Of Bacon’s relations with Essex we never had but one opinion. All the testimony brought forward to convict Bacon of treachery to Essex seemed to us inconclusive. The facts, as stated by Macaulay and Lord Campbell, do not sustain their harsh judgment. A parallel may be found in the present political condition of our own country. Let us suppose Senator Toombs so fortunate as to have had a wise counsellor, who for ten years had borne to him the same relation which Bacon bore to Essex. Let us suppose that it was understood between them that both were in favor of the Union and the Constitution, and that nothing was to be done to forward the triumph of their party which was not strictly legal. Then let us suppose that Mr. Toombs, from the impulses of caprice and passion, bad secretly established relations with desperate disunionists, and had thus put in jeopardy not only the interests, but the lives, of those who were equally his friends and the friends of the Constitution. Let us further suppose that he had suddenly placed himself at the head of an armed force to overturn the United States government at Washington, while he was still a Senator from Georgia, sworn to support the Constitution of the United States, and that his cheated friend and counsellor had just left the President of the United States, after a long conference, in which he had attempted to show, to an incredulous listener, that Senator Toombs was a devoted friend to the Union, though dissatisfied with some of the members of the Administration. This is a very faint illustration of the political relations between Essex and Bacon, admitting the generally received facts on which Bacon is execrated as false to his friend. Mr. Dixon adduces new facts which completely justify Bacon's conduct. If Bacon, like Essex, had been ruled by his passions, he would have been a far fiercer denouncer of Essex’s treason. He had every reason to be enraged. He was a wise man duped by a foolish one. He was in danger of being implicated in a treason which he abhorred, through the perfidy of a man who was generally considered as his friend and patron, and who was supposed to act from his advice. As Bacon doubtless knew what we now for the first time know, every candid reader must be surprised at the moderation of his course. Essex would not have hesitated to shoot or stab Bacon, had Bacon behaved to him as he had behaved to Bacon. But we pardon, it seems, the most hateful and horrible selfishness which springs from the passions; our moral condemnation is reserved for that faint form of selfishness which may be suspected to have its source in the intellect.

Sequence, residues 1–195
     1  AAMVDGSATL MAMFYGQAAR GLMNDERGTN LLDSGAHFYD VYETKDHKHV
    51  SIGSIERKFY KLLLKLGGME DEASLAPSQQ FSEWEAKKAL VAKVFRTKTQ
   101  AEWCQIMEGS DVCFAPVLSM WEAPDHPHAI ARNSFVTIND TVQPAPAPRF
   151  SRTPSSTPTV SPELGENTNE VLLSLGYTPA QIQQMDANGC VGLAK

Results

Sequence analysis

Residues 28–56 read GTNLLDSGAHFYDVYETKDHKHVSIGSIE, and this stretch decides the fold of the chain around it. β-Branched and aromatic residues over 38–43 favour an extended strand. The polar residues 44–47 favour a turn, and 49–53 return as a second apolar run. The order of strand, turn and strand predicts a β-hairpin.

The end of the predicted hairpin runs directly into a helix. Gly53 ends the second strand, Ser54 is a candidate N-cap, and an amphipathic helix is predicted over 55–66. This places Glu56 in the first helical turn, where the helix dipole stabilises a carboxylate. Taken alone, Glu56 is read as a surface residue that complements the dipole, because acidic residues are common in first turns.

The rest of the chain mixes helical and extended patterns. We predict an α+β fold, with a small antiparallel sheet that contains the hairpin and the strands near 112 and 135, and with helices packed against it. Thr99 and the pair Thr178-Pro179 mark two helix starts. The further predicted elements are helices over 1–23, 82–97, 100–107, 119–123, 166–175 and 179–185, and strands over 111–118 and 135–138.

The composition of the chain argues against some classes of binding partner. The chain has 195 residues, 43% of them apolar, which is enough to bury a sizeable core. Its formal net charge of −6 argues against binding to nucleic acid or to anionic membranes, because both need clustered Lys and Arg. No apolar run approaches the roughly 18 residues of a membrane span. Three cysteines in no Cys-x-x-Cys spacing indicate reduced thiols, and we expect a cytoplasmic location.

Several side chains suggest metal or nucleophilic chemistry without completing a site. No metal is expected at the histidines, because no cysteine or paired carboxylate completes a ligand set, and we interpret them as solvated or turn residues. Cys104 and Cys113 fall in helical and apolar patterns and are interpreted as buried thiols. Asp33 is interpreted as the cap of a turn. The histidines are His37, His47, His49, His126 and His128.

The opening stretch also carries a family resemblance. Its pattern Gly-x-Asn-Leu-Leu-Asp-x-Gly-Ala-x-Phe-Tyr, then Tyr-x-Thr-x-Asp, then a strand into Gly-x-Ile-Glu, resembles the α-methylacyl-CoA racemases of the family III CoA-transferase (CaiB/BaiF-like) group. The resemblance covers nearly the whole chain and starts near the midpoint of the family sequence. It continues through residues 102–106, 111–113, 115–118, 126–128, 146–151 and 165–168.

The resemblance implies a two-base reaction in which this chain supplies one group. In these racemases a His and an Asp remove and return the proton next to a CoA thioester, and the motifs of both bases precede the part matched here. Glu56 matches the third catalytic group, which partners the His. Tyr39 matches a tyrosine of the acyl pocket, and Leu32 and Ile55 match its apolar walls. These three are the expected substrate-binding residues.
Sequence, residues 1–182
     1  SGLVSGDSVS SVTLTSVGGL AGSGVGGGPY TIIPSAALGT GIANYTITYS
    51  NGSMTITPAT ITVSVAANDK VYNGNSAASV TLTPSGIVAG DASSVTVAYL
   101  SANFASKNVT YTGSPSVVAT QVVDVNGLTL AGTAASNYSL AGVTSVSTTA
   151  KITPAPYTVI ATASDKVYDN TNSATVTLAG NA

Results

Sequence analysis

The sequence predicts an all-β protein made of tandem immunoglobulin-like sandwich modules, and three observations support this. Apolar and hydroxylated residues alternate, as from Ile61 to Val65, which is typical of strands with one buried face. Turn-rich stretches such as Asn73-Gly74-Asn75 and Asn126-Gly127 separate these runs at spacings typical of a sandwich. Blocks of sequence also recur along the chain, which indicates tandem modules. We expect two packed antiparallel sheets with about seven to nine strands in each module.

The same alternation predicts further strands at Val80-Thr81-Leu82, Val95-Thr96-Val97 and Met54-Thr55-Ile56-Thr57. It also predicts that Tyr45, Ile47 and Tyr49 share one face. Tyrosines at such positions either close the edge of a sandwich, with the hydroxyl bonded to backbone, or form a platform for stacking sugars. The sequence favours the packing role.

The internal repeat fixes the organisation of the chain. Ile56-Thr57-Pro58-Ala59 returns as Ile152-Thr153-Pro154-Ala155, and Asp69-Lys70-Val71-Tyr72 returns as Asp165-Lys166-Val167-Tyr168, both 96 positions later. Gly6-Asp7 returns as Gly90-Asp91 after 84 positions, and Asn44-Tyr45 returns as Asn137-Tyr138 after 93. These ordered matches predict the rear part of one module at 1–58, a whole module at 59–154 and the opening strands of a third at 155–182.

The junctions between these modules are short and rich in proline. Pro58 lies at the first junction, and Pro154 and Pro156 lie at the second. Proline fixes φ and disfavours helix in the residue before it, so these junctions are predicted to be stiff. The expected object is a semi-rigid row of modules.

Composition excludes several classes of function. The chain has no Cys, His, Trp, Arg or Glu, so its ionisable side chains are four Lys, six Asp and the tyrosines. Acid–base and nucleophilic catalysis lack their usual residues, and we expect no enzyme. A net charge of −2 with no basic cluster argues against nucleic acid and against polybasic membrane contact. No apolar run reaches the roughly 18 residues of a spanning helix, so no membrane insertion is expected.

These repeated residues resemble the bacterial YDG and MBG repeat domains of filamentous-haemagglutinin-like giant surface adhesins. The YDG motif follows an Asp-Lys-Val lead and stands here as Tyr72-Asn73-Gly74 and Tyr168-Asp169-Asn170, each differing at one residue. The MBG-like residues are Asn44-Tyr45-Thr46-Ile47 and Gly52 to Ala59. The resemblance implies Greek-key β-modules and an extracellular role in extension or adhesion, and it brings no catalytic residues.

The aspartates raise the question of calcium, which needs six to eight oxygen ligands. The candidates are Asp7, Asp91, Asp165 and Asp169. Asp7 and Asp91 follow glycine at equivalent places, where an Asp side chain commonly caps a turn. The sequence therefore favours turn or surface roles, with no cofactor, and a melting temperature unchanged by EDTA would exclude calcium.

In regard to the other charges against Bacon, we think that Mr. Dixon has brought forward evidence which must materially modify the current opinions of Bacon’s personal character. He has proved that Bacon, as a practical statesman, was in advance of his age, rather than behind it. He has proved that his philosophy penetrated his politics, and that he gave wise advice, and recommended large, liberal, and humane measures to a generation which could not appreciate them. He has proved that he did everything that a man in his situation could do for the cause of truth and justice which did not necessitate his retirement from public life. The abuses by which he may have profited he not only did not defend, but tried to reform. Among the statesmen of his day he appears not only intellectually superior, but conventionally respectable,—a fact which would seem to be established by the bare statement, that he died wretchedly poor, while most of them died enormously rich.
But Mr. Dixon, in his advocacy of Bacon, overlooks the circumstance, that no man could hold high office under James I., without complying with abuses calculated to damage his reputation with posterity. We have no doubt that Bacon’s compliance was connected with considerations which Mr. Dixon entirely ignores. Far from discriminating between Bacon the philosopher and Bacon the politician, we have always thought that they were intimately connected. Bacon’s Method, the thing on which, as a philosopher, he especially prided himself, was defective. It left out that power by which all discoveries have since his time been made, namely, scientific genius. Its successful working depended on an immense collection of